Spitfire,

Nice post, but I was not throwing away all logical or analytical thought.  I merely said that in order to interpret some of these spiritual areas, we must be cautious of our logical/interpretive side, or we simply won't make the connection.

The military had a secret RV division for years, to compete with Russia.  Interestingly enough, they made many discoveries and provided verified intelligence before there were drone planes or spy satellites.  The military did in fact make a a logical manual for performing remote viewing.  Of intereste though, in it they said that one should not use logic or interpretation in accessing this universal medium.

I firmly believe that in order to function in our reality we require logic, analysis and thought that can be supported.  My comments were directed at areas of accessing levels of connectedness that most human beings are unaware of; in those instances, being overanalytical seems to get in the way.  

I should also add that the suspension of logic in remote viewing is not felt to be the same as "letting your imagination run wild."  It is simply that the remote viewer is getting real information of images, etc.   And he/she is asked to turn off his/her interpretor or logical side and simply relate these images as they come up.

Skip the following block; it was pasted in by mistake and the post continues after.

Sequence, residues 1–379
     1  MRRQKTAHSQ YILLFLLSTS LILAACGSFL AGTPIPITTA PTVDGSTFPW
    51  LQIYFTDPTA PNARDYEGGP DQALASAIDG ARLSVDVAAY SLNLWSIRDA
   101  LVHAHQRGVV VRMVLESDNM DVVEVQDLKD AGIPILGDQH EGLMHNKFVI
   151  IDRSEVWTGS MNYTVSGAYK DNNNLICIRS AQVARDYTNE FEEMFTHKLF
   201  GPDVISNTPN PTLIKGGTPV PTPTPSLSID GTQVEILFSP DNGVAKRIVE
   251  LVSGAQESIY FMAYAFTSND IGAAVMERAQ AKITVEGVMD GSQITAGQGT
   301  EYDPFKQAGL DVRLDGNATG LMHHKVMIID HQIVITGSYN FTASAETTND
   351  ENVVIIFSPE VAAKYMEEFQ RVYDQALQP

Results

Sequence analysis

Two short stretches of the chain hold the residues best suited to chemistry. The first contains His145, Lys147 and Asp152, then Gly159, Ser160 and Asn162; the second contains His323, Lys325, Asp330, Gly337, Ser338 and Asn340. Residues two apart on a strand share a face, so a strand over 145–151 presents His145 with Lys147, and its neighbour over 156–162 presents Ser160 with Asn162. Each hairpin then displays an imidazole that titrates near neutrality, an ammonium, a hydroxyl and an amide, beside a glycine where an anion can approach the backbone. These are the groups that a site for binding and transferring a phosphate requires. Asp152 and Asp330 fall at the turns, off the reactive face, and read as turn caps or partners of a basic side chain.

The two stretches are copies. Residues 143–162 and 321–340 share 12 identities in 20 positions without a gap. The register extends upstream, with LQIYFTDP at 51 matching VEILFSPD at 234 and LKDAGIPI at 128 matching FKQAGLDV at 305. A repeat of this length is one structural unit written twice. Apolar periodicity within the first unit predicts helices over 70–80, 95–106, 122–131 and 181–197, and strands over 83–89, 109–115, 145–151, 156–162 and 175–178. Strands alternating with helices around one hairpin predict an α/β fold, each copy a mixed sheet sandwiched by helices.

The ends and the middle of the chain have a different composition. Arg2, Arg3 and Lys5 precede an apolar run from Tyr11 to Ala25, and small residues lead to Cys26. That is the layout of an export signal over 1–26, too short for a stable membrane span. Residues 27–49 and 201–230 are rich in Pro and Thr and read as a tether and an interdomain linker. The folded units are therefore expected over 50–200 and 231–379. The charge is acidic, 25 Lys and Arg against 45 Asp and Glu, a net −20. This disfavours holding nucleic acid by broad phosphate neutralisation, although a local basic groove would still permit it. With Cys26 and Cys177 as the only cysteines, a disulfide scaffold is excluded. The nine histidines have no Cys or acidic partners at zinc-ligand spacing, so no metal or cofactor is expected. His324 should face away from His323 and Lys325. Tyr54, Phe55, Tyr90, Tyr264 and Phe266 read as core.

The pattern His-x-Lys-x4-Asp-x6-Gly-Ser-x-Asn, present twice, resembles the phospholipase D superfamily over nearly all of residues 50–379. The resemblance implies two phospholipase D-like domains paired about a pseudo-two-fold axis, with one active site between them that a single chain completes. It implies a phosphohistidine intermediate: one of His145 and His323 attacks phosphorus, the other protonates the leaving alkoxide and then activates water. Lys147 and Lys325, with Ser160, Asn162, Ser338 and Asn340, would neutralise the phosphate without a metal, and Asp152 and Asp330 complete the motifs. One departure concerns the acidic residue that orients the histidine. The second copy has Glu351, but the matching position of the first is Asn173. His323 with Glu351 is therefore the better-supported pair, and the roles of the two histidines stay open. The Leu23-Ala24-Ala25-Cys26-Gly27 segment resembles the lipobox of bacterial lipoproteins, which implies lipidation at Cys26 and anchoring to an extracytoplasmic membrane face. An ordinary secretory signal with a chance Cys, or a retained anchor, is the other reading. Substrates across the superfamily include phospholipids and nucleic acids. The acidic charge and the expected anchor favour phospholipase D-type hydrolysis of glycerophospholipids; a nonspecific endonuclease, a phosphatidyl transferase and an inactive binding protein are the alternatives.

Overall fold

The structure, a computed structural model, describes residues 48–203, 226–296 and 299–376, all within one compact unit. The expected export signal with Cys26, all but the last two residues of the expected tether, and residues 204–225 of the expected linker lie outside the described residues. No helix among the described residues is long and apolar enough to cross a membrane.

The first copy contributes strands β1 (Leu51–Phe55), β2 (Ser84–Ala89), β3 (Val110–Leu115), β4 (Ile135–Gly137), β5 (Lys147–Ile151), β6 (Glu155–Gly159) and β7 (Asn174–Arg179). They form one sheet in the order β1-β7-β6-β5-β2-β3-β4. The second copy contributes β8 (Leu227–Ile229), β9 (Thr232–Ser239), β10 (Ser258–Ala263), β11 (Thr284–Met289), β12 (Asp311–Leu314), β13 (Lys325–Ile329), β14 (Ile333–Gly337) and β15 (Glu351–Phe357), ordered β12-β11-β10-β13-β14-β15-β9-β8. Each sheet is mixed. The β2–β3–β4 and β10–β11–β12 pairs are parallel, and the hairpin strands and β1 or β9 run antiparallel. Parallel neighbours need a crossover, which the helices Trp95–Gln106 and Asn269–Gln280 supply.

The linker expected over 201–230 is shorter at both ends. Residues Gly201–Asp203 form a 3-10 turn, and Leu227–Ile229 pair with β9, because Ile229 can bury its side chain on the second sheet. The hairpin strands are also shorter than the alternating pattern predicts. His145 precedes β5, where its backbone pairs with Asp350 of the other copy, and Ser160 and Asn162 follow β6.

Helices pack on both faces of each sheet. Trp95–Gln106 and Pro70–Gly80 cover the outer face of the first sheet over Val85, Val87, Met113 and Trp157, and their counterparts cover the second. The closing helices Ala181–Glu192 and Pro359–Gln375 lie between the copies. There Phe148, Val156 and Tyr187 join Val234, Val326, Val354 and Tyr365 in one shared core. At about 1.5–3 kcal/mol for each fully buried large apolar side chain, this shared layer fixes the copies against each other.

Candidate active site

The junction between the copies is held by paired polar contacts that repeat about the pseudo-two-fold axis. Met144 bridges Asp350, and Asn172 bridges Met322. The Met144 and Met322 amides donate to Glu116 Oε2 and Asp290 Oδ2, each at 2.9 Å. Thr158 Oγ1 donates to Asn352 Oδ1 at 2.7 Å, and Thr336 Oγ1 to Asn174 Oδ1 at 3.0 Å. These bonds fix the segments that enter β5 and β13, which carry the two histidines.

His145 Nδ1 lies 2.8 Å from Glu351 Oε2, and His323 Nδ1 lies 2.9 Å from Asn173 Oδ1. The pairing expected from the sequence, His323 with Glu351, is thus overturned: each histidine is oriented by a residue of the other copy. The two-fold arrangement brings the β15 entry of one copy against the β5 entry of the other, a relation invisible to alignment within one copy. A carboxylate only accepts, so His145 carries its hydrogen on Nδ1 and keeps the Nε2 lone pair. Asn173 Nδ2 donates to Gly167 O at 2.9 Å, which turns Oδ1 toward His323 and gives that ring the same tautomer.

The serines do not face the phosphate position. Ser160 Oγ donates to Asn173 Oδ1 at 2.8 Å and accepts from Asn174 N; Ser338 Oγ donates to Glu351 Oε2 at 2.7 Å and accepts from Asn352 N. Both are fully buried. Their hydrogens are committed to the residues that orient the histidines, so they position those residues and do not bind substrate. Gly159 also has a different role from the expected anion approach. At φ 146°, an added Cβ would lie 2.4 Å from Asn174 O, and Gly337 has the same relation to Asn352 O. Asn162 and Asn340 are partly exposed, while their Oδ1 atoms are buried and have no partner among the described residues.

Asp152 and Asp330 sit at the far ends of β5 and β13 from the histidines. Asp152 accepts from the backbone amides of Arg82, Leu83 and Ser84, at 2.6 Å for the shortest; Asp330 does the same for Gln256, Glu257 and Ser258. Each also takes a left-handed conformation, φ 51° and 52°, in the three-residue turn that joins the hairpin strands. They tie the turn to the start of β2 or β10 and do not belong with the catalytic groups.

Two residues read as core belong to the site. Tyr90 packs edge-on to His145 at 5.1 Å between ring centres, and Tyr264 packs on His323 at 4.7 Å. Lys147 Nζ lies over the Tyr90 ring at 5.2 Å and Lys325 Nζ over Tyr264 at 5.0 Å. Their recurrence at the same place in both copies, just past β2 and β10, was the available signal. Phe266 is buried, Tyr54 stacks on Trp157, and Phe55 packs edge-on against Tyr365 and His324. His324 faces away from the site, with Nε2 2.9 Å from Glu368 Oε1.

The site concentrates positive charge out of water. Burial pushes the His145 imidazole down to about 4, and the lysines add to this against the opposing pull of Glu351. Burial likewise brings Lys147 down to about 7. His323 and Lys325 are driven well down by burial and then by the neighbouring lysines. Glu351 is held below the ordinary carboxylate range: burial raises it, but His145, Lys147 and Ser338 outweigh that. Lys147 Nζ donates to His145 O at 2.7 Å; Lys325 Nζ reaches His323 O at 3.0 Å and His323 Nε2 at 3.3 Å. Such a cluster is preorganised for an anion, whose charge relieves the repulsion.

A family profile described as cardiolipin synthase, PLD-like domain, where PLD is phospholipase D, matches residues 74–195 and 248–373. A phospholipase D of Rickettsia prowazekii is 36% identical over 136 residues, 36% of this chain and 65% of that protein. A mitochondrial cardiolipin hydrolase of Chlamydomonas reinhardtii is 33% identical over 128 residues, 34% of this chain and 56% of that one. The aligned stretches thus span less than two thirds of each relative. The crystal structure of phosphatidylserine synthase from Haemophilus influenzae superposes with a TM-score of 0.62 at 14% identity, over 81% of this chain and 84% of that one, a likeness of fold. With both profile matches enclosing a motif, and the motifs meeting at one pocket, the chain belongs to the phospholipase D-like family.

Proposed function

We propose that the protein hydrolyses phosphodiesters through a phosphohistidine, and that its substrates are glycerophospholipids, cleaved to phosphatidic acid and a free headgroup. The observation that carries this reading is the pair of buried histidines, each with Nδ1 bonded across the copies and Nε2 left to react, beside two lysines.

Matthew
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Spitfire
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Re: Some evidence against being overanalytical
Reply #3 - Dec 22nd, 2005 at 11:32am
 
Quote:
Spitfire,

Nice post, but I was not throwing away all logical or analytical thought.  I merely said that in order to interpret some of these spiritual areas, we must be cautious of our logical/interpretive side, or we simply won't make the connection.

The military had a secret RV division for years, to compete with Russia.  Interestingly enough, they made many discoveries and provided verified intelligence before there were drone planes or spy satellites.  The military did in fact make a a logical manual for performing remote viewing.  Of intereste though, in it they said that one should not use logic or interpretation in accessing this universal medium.

I firmly believe that in order to function in our reality we require logic, analysis and thought that can be supported.  My comments were directed at areas of accessing levels of connectedness that most human beings are unaware of; in those instances, being overanalytical seems to get in the way.